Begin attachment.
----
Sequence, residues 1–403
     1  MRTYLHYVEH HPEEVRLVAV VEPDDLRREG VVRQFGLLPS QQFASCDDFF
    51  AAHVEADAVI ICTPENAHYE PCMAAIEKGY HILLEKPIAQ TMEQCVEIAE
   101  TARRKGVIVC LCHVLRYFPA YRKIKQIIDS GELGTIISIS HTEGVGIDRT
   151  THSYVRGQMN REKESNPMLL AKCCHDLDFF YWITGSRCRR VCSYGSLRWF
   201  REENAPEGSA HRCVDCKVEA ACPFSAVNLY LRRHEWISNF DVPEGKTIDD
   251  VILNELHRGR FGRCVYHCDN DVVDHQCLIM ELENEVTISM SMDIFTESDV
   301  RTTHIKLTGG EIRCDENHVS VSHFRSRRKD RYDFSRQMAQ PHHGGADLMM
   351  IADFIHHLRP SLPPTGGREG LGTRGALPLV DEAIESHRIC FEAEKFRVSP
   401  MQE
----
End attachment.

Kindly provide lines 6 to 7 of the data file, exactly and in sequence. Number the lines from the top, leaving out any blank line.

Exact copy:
   201  REENAPEGSA HRCVDCKVEA ACPFSAVNLY LRRHEWISNF DVPEGKTIDD
   251  VILNELHRGR FGRCVYHCDN DVVDHQCLIM ELENEVTISM SMDIFTESDV